The aides and advisers insisted on anonymity for fear of reprisal. But they say Mr. Sullivan has contributed to Ms. Hochul’s political decline while evading public scrutiny.

In a written statement, Mr Sullivan did not directly dispute the characterizations but noted the intensity of the campaign. “I’ve always tried to be respectful to everyone, and regret that someone feels I’m not living up to that standard,” he said.

The governor’s spokeswoman, Julie Wood, who made no mention of workplace concerns in her own statement about Mr. Sullivan, said Ms. Hochul “values ​​his thoughts and guidance.”

“Ultimately what drives her decision is what is best for New Yorkers,” Ms. Wood said.

There are also questions about how and by whom Mr Sullivan is paid, as he is not a state employee.

Since 2021, the governor’s campaign has paid approximately $50,000 directly to “ACS Campaign Consulting,” a limited liability company controlled by Mr. Sullivan. But he received more money through a secret arrangement that rewarded him with cuts to campaign advertising, according to four people with direct knowledge of the matter. Assuming the arrangement meets industry standards, he could net at least $500,000 — a figure he doesn’t dispute.

The Times could only identify one other current client of Mr. Sullivan, the Alliance for Reform, a nonprofit founded by rappers Meek Mill and Jay-Z, among others, to change probation and parole laws. Mr. Sullivan would not name the other clients, but said none had had business before New York state. He added that he “has never been paid to lobby or influence the governor.”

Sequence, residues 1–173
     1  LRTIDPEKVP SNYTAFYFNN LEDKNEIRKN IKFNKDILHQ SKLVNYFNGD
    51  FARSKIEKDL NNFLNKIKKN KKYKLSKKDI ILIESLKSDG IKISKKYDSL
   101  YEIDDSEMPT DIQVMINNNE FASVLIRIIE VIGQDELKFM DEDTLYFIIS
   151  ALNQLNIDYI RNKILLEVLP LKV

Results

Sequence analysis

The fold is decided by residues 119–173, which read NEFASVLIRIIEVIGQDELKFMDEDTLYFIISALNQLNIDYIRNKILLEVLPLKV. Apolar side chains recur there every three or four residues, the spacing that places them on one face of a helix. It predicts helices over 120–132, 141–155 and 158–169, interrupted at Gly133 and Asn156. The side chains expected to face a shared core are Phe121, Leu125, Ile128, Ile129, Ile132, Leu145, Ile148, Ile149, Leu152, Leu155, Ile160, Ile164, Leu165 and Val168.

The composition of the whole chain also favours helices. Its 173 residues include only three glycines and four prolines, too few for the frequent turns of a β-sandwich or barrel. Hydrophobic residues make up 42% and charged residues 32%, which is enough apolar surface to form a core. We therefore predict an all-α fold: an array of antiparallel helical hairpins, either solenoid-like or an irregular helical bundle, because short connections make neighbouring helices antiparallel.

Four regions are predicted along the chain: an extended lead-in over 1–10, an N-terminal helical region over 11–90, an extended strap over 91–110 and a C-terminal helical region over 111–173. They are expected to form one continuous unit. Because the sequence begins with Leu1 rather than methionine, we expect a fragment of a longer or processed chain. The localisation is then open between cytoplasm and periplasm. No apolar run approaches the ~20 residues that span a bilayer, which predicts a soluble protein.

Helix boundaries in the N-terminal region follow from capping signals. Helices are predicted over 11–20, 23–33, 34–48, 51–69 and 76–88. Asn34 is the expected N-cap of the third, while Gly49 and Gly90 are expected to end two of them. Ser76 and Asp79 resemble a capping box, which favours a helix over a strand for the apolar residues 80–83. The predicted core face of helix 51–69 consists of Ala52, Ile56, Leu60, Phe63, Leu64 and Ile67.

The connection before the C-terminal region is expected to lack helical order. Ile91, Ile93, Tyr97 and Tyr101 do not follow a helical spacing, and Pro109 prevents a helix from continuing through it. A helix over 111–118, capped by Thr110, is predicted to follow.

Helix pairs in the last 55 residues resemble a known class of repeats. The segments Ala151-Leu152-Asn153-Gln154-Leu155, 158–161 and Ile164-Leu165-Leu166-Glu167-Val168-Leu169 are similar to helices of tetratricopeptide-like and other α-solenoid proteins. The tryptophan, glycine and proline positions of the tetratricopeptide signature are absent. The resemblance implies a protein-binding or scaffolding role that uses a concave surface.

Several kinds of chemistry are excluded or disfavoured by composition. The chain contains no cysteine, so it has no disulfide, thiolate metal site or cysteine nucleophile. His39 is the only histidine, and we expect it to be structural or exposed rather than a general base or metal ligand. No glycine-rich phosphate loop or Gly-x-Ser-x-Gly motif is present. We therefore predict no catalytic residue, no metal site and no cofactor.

The governor turned to other outsiders for help: The state paid nearly $2 million to Deloitte and Boston Consulting Group to help her with her State of the Union address. Others in Ms Hochul’s audience included her top government aide, Karen Persichilli Keogh; Jeffrey Pollock, her longtime pollster; Daniel French, until recently the Syracuse General Counsel of the University.

While most of these advisers are well-known in political circles, even basic biographical information about Mr. Sullivan has been difficult to find. Ms. Hochul mentioned him in prominence only once, on stage after her win last November. He appears to be the sole employee of his consulting firm, working most of the time from his home in Leadville, Colorado, and aside from occasional trips to New York, he is an avid skier.

Of more than two dozen lawmakers, union leaders and campaign strategists contacted by The Times, only a handful were able to correctly identify him.

“I’ve never met him, I’ve just heard bad things about him — sorry,” said Liz Krueger, an influential Democratic state senator from Manhattan.

Supporters of Mr. Sullivan described him as a brilliant tactician who steered Ms. Hochul through the aftershocks of Gov. Andrew M. Cuomo’s resignation and helped her win a full tenure, even a bumpy one.

“Maybe he’s not the New York defector who knows everyone, but Adam has an unquestionable record of success,” said Jesse Fassler, Sen. Kirsten Gillibrand’s longtime chief of staff.

Mr. Sullivan began his career as a political agent in 2000 and ran his first New York race in 2008, the same year he helped Ms. Gillibrand win re-election in the House.

In early 2011, fresh off his stint on the Democratic Congressional Campaign Committee, Ms. Hochul, who was the Erie County clerk at the time, decided to run in the special House election in Western New York. She hired Mr. Sullivan as her campaign manager because of his experience running special elections and his conviction that she could win, a belief shared by few. Despite the slim chances, she did it.